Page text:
Native Americans living near the Navajo reservation in Arizona are asking why a “big white male” police officer had to shoot a “petite Native woman” five times. Native American leaders in the town of Winslow say police left Loreal Tsingine’s lifeless body on a sidewalk for hours, lying there with bullet wounds on her hand, arm, and neck and exit wounds in her back.
Winslow Police claim the 27-year-old mom, who was shot dead on March 27th, resisted arrest and threatened officers with a pair of scissors. Witnesses recount a much different story.
People who saw the scene unfold near a Circle K convenience store say they thought they were seeing a normal shoplifting arrest. "We were walking, and I said, 'Look, they’re going to arrest her,'” local resident Ryanle Benally told KPNX-TV. “But that didn’t happen."
Winslow police officer Austin Shipley fired five shots and killed Tsingine, according to the Arizona Department of Public Safety. Police say Tsingine fit the description of a shoplifter they had been looking for: a Native American female wearing gray sweatpants and a white top. Winslow Police officials say the scissors Tsingine was carrying "presented a substantial threat to the officer," but some witnesses have told local reporters they never saw her raising her hands at the responding officers.
“The pure violence—a big white male, killing a petite native woman, shooting her five times.That woke us up,” Andrew Curley, a member of The Red Nation, a coalition of Native American activists, told Fusion.
Tsingine’s death has brought Native American leaders across Arizona together to call for an independent investigation of her killing. They’re also demanding the U.S. Department of Justice review what they describe as the persistent racial profiling practices of police that target Native Americans in the border towns around the Navajo Nation, a semi-autonomous area about the size of West Virginia that borders Arizona, Utah, and New Mexico.
“The taking of a Native American person's life in the border towns that surround Indian nations' reservations is not new; it has happened year in and year out. It has happened over and over again,” said Rep. Albert Hale, a member of the Arizona State Legislature’s Native American Caucus, during a press conference Monday.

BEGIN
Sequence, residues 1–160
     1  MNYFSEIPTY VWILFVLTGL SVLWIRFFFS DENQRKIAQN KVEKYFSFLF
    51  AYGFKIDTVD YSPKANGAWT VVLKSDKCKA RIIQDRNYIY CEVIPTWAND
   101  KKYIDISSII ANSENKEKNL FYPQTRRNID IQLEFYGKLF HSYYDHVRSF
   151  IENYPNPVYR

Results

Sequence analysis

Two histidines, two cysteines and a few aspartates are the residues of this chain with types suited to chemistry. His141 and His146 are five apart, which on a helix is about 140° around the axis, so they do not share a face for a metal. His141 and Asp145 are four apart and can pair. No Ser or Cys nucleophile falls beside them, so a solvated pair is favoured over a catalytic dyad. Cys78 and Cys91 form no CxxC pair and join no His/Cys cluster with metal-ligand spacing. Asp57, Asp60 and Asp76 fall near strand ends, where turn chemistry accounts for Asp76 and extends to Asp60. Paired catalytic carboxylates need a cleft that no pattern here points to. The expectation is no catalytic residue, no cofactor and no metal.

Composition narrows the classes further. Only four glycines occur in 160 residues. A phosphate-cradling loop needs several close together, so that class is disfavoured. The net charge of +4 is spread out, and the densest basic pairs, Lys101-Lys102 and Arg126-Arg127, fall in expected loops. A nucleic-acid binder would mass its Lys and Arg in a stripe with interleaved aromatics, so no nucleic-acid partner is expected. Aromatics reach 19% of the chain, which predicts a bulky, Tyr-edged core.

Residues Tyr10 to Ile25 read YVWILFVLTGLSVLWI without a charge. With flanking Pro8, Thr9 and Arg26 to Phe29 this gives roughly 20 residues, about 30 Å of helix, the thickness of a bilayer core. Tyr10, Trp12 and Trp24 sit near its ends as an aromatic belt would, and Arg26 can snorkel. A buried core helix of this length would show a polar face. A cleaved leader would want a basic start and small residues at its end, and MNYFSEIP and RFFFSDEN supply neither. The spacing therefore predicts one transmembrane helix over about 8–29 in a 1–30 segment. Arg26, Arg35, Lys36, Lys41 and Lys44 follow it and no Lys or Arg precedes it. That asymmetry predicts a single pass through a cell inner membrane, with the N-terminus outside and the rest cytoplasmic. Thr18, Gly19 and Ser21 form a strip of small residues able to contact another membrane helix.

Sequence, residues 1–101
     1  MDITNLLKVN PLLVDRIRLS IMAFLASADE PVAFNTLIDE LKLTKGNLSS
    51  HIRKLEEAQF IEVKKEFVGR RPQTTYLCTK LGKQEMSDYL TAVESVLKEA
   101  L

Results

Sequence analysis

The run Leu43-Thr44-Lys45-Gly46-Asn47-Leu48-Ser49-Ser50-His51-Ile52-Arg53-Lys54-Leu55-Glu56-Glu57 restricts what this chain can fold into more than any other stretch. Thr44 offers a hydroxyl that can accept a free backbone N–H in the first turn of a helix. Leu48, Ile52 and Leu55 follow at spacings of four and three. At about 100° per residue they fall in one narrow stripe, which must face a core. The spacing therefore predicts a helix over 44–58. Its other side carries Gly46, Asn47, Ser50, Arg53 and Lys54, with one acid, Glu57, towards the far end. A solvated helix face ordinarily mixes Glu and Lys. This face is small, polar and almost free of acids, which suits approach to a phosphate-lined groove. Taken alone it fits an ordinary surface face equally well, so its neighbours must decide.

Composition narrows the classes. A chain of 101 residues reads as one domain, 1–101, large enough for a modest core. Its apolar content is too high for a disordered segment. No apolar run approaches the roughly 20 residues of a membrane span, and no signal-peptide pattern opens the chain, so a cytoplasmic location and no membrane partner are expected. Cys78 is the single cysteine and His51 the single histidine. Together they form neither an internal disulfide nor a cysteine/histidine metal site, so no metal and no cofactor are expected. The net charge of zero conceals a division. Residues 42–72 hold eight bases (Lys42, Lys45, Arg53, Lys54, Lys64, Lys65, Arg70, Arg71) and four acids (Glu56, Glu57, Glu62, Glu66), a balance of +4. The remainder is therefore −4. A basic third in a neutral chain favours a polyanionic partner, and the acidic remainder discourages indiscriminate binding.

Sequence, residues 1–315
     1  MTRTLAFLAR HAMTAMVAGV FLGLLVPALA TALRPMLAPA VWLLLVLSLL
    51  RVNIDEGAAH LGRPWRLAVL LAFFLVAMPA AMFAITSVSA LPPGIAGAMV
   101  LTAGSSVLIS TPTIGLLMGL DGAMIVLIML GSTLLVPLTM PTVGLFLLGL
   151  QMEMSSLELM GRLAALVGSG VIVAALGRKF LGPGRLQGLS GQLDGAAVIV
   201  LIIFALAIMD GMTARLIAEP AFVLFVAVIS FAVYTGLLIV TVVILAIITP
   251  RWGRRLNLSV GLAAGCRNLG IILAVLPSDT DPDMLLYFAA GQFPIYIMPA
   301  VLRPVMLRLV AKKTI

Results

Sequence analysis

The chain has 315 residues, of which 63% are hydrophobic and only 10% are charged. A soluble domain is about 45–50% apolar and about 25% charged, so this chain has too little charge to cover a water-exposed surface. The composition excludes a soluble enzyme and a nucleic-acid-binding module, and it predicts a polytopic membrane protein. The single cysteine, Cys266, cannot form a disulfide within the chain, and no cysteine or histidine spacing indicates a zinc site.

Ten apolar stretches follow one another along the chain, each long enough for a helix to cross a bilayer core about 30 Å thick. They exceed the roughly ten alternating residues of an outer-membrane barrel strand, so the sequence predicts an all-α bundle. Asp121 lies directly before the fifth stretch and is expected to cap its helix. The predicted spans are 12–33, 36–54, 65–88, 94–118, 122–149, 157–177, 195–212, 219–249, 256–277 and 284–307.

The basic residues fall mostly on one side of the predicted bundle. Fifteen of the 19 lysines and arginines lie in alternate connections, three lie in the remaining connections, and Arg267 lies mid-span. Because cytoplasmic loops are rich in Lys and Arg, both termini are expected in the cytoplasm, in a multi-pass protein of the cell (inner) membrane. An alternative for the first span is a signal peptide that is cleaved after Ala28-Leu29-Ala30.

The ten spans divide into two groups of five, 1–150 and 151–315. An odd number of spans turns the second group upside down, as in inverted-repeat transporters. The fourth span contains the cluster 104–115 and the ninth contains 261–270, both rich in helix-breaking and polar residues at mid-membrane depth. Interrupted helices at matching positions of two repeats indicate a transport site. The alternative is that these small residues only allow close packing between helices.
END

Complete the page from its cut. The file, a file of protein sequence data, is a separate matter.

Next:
While the Navajo Nation is a sovereign Native American nation, members of the tribe who live on the reservation often travel to border towns for food, work, and other services. The Navajo Nation estimates tribe members spend 70 to 85 cents of every dollar off the reservation in border towns like Winslow.
Rep. Hale sent a letter to Attorney General Loretta Lynch on Monday urging her to investigate the Winslow Police Department to “address the community’s longstanding and deep-seated concerns about systemic misconduct toward Native Americans.”
“We can attest to persistent reports by local citizens—ranging from young people to the elderly—of unlawful stops, use of excessive force and other coercive activities by the Winslow Police Department,” read Rep. Hale’s letter, obtained by Fusion.
But this issue may go beyond the border towns of the Navajo Nation.
On the national level Native Americans are more likely to be killed by law enforcement officials than any other racial group, according to research.
Native Americans make up 0.8% of the population in the U.S., yet they comprise 1.9% of police killings, according to the San Francisco-based Center on Juvenile and Criminal Justice, which analyzed data collected from 1999 to 2011 by the Centers for Disease Control and Prevention.
After Native Americans, it’s Africans Americans who are more likely to be killed by police. African Americans, 13% of the population, are victims in 26% of police shootings, the study found. They were followed by Latinos, whites, and Asian Americans.
The Native American leaders are pointing to Tsingine’s death as an all-too-common example of their people dying after an interaction with law enforcement. They say when the media covers these killings, the stories don’t go beyond local outlets. They’re hoping to find the same level of local organizing, media attention, and national recognition that the #BlackLivesMatter movement has attained.
“This tragedy is a violent example of a long series of racial profiling and police trying to penalize people for being in the area,” said Curley, the member of The Red Nation, who helped organize a vigil for Tsingine on Saturday.